Basil went on to study architecture, but would later give up the profession for music, becoming an award-winning composer and sound designer. Attending the local public schools, Nick’s own creative passion for design, surfaced early.

“I’ve been drawing since I was six. Some people are inspired by buildings, but for me it was the motion of a car and the promise that every year there would be a new one that came out that looked even more futuristic. I guess I’ve always been a future-thinking person.”

Having made the connection between his passion for drawing, and the technical processes of industrial design, Nick bumped up his sciences from Year 9, firmly focused on pursuing a higher education course that would lead to his chosen profession. In 1992, he enrolled at the University of New South Wales to study Industrial Design.

Four years later, he had duxed his year and graduated with Class 1 Honours. After uni, Nick freelanced, before winning the Young Designer of the Year award in a competition organised by Ford Australia and Wheels magazine. His winning entry was a design for a Falcon in 2020, “which seemed so far into the future back then,” says Nick, who was then invited to join Ford as a junior designer in Melbourne.

Promotion to a senior designer position followed two years later. In 2002, Toyota realised a long held ambition to create a design studio in Australia, that would not only interpret the company’s design vision for the domestic market, but in time, the wider region. Nick was in the right place at the right time.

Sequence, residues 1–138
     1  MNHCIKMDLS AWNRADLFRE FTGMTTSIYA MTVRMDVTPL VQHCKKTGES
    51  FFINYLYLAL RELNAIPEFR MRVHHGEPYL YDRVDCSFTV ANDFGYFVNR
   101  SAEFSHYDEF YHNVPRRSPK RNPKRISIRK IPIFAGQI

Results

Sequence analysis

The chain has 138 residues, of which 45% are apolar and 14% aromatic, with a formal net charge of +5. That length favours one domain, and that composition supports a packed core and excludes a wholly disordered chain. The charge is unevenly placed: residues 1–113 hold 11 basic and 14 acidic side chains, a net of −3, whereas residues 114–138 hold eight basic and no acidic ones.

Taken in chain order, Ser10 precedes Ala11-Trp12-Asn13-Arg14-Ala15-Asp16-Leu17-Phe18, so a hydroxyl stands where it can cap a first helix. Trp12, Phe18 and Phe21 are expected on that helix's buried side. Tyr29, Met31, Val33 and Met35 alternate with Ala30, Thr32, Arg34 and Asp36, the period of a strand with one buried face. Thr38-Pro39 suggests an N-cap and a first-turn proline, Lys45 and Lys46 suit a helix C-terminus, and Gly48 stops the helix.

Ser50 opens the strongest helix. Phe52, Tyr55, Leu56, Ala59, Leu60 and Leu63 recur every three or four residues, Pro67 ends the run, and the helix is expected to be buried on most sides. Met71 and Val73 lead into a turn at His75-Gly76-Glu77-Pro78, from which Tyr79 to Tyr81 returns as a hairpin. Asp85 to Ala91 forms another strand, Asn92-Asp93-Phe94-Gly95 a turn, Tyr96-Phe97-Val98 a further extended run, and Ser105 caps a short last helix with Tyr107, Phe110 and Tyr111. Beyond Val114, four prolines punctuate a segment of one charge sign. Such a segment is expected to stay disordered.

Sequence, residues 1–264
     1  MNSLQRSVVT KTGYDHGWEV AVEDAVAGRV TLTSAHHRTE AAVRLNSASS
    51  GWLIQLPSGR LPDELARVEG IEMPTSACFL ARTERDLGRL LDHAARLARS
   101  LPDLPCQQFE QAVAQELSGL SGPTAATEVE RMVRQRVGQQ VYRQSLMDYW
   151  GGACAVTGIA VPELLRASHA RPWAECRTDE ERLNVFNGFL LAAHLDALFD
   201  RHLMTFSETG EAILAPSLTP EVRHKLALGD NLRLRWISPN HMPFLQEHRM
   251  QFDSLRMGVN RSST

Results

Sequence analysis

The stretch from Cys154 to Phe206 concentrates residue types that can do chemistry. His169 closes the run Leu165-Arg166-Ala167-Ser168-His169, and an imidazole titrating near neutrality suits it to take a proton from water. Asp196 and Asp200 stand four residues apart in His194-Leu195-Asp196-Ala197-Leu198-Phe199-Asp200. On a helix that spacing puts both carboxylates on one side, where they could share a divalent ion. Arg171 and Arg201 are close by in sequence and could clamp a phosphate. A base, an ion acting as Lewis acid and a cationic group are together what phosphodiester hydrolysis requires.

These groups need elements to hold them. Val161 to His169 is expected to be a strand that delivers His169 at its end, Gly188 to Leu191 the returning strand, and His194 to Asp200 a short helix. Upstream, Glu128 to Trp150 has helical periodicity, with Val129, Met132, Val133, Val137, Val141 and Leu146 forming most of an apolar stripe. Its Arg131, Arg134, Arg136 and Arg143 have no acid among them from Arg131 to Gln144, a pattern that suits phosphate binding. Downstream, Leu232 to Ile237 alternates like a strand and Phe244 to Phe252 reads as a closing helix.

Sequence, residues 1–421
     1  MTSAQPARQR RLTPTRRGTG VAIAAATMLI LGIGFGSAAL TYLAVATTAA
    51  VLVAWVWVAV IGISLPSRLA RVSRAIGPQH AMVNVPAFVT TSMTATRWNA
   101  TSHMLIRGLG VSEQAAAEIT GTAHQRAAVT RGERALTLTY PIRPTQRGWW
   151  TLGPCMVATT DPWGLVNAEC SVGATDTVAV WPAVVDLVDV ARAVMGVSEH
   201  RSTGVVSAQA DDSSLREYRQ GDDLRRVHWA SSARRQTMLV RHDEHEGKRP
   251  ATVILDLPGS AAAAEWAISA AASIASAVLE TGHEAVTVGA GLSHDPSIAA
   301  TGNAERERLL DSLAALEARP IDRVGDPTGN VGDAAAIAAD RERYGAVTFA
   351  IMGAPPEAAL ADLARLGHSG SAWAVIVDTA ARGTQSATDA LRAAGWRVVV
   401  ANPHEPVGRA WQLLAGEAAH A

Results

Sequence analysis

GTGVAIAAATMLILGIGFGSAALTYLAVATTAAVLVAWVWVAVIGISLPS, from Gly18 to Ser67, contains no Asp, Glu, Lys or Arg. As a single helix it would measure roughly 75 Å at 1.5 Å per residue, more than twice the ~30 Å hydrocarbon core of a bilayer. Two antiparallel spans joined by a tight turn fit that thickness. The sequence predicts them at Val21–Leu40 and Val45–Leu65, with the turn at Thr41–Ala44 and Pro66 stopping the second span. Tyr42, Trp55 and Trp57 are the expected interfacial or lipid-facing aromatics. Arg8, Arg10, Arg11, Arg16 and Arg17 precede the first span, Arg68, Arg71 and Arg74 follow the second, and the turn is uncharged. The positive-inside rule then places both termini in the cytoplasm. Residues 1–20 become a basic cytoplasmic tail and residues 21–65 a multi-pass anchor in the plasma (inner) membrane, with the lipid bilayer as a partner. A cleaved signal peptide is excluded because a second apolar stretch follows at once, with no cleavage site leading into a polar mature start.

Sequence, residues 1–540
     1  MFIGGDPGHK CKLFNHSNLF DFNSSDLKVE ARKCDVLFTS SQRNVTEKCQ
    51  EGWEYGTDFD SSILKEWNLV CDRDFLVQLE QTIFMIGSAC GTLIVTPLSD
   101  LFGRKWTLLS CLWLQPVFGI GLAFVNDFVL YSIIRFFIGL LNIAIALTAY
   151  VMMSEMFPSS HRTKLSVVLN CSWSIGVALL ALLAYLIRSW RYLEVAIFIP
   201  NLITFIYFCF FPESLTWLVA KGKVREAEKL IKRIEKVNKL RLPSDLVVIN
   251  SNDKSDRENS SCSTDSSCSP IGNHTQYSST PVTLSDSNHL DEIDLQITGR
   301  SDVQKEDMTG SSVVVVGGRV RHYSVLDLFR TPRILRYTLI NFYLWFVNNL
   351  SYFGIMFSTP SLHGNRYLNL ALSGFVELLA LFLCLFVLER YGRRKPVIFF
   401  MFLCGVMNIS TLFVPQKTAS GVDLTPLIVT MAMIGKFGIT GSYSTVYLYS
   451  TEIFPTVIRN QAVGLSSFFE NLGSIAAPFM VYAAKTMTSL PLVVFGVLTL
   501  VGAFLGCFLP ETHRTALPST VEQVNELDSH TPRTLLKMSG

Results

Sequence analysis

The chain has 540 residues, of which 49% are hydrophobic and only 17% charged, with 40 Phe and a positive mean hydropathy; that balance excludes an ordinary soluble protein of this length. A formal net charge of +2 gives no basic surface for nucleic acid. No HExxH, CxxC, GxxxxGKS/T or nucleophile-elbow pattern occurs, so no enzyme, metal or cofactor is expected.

“I always had a desire to work for a Japanese company. Japan has come up with amazing ideas and products,” says Nick, “though it was as a massive culture shock.” “Toyota has a very specific culture, a set of rules almost, called ‘the Toyota way’, and you live by that, you’re trained in that, and have to practice it. It’s a very powerful tool.”

With two design studios in the United States, one in Europe, and a number in Japan, Toyota’s only Australian design facility has increasingly focused on Asia. “We’ve just completed a major facelift on the Fortuner model for the Asian market that took about two years. They’re very pleased. Early sales are up significantly. The new design gave it a much more premium, fresh and strong feel.”